How to Write Descriptions
For the next essay “A Visit to Another Culture,” my students must physically place themselves in a new culture — it can be a new type of restaurant, a church service of another religion, dinner in the home of an immigrant friend, a visit to a Japanese supermarket, and so on. In the several years I have been giving this assignment, students have been inventive in their choices of experience, but no matter what they choose, description is going to be necessary.
Exercise: The students sat in a circle. I asked them to take a few minutes to look at each of their classmates (there are 19 students in each class) and to take note of each face and begin to construct descriptions. They blushed and giggled, but seemed to enjoy it and did look at each other carefully, alternating between staring and scanning.
I then read from a writing guide, The Handbook of Short Story Writing (though it could be any of a number of writing guides), in which author Ruth Engelken writes about various authors’ thoughts about descriptions, especially of people. Somerset Maugham “found himself looking at [people] to see what animal they resembled”; Nabokov gave one of his characters “a fat glossy nose,” while James Joyce “speaks of ‘the wings of the nose.” I read them the physical descriptions various authors had written of their characters.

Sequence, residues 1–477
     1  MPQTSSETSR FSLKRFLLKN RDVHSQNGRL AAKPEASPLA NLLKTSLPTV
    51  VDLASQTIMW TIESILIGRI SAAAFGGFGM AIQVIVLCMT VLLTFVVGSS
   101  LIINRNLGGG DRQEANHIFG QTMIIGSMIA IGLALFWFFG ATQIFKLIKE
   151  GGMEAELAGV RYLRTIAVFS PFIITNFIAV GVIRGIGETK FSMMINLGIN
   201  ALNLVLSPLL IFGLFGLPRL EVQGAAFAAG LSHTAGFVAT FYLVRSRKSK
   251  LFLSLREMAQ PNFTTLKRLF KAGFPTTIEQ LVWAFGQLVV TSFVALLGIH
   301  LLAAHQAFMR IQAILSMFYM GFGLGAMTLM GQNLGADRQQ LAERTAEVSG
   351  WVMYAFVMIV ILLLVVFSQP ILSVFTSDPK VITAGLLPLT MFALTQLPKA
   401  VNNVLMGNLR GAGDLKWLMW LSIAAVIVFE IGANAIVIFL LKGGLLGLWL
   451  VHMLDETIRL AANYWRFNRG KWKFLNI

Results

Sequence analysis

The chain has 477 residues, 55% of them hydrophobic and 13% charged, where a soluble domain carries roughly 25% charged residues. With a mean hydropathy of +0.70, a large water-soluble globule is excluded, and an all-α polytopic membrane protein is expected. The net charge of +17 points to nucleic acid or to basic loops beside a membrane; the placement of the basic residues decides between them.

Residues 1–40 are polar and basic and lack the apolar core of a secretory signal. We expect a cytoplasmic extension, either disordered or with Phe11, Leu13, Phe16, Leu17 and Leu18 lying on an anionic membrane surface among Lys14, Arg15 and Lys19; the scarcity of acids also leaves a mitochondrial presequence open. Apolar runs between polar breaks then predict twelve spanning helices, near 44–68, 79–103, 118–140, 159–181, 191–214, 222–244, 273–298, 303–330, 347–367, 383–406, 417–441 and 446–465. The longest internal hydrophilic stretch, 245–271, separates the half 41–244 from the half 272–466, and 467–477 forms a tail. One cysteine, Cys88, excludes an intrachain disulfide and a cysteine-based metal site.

Then I asked the students to stand up and take a few minutes to study each other again. This both gave them a variant sensation — standing rather than sitting — and a new view of their classmates.
With that preparation and modeling, I asked them to choose one of their classmates, and to write a description of him or her, without compunctions of any kind, since the resulting descriptions would remain private. I wanted to encourage them to acknowledge flaws and unattractiveness as well as pleasing aspects of each other.
I have no idea what they wrote, because I did not ask them to share, but they wrote diligently and seemed satisfied with their products.
Look for the next post which continues this exercise.